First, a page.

Gender Vender cover

Gender Vender

vending machine pop-up and box project advocating for the stories of Seattle women business-owners

timeframe Jan. 2020 - present
what I did lead web developer
tech/tools Vue.js Prismic Netlify TamperMonkey

Project history

Gender Vender is a project to raise awareness in supporting local businesses run by women, sparking dialogue on gender inequality and enabling change. In 2018, it was originated as a design capstone project in University of Washington Bothell. Now in 2020, as more partners have joined, this project has extended beyond the vending machine pop-up on campus.

my role

My primary role is to collaborate with the team members to deliver a re-vamped web experience in 2.0 version that provides stories exploration, project information, product discovery and order request.

project background

Understanding that gender inequality still very much exists, the team's previous research has discovered that there are always donors seeking for ways to develop communities with causes they care about. There are ~13 million women-owned businesses in the U.S. and they’re growing at a rate of 5% every year. However, over 7.5 million small-businesses are at risk of closing due to challenges in scaling and growing in the rising trend of business digital transformation.

To narrow down the scope, the team started within our local women-owned business community. From the studies of millennial charity trend, we discovered the around 58% millennial women are more likely to participate in non-traditional giving forms and make purchase decisions with branding values that create meanings in the society.

How might we build a giving system that uplifts women-owned businesses and women support organizations in interactive and educational ways?

From amplifying stories to giving

We partnered with Seattle's local women business owners. We created an interactive giving system starring their products. The supporters "buy" these products through vending machine or boxes, however, 100% of the sales were donated to the Pacific Science Center Girls & Women Breaking Down Barriers in STEM non-profit.

From vending machine to curated boxes

In the beginning of 2020, the team was funded by Seattle Pacific Science Center to feature the vending machine pop-up. When the COVID-19 restrictions started, we faced a challenge where the vending machine pop-up was not feasible. After more preparations, we pivoted from vending machine to curated boxes, same goal, different form.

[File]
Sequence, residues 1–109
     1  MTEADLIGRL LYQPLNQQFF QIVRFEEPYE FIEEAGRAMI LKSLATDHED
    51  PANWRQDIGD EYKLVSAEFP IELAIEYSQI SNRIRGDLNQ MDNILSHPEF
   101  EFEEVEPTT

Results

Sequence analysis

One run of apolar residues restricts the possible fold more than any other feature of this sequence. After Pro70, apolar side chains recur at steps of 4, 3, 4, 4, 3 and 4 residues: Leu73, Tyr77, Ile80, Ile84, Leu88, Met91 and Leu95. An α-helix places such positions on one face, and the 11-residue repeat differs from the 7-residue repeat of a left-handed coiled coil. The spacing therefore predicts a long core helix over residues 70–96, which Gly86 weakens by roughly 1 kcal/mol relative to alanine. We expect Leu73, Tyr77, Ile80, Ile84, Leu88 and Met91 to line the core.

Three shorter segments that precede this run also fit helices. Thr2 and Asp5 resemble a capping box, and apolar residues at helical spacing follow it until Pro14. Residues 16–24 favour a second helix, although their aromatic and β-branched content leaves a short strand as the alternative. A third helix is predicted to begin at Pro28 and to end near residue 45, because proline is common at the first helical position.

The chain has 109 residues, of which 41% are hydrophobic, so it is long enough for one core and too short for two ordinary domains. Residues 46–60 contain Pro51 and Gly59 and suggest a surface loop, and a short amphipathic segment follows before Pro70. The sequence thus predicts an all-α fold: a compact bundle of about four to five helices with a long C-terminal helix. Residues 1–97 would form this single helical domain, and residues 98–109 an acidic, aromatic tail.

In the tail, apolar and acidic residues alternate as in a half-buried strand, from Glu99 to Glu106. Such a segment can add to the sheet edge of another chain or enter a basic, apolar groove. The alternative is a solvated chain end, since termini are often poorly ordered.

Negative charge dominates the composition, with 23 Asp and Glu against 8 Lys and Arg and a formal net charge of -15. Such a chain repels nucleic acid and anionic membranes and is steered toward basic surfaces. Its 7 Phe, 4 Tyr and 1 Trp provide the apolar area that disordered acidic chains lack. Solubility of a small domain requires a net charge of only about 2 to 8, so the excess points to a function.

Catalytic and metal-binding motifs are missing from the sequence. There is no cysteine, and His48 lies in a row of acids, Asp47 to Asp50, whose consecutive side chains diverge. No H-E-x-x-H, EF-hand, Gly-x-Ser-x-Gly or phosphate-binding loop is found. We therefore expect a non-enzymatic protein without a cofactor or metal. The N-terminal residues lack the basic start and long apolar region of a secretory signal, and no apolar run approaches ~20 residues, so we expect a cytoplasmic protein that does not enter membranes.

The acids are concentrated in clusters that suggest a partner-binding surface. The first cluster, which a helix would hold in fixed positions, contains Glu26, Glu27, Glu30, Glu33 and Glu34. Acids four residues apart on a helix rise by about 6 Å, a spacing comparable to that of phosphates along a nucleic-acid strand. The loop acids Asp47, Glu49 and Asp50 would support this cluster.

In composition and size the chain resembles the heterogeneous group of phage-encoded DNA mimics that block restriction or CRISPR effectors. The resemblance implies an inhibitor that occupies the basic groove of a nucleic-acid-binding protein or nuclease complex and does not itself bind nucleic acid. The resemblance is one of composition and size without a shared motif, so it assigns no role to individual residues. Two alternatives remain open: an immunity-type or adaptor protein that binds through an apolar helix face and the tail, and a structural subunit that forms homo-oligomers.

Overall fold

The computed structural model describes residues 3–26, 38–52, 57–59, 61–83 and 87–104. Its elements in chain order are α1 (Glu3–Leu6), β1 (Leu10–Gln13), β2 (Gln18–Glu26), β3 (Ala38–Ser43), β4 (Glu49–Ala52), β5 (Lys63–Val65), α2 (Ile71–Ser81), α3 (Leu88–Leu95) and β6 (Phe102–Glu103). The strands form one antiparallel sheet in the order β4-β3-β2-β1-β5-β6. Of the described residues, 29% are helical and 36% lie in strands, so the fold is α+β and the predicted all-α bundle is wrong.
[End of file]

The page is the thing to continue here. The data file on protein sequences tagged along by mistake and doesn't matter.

challenges

In early 2020, the website needed a re-vamp for project phase 2 as more business owners partnered up with Gender Vender. Some of the challenges we faced include:

1. The v1 website was not collaboration-friendly for non-dev team members. The hard-coded content made parallel workflows difficult (content creation vs. web development).

2. As the project expands, the website needs a scalable way to publish and display partner stories.

3. With the amount of time we have, how do we integrate a way of placing orders without security risks?

solution

I built the website in Vue.js and Prismic that allows parallel workflows for more efficient team collaboration. The front end was set up with consistently styled layout templates, which allows other team members to design, create and modify content without the need of code change. This creates a more scalable way to publish future content.

Without implementing payment services directly on the website, we decided to collect payments through common payment services such as Paypal and Venmo. We simply wired up the order requests data from the website to our cloud documents.

outcomes

In 2020, with different launch events (website, social media and partner supports), we sold 51 boxes since the boxes and raised a total of over $4000 by the end of the year.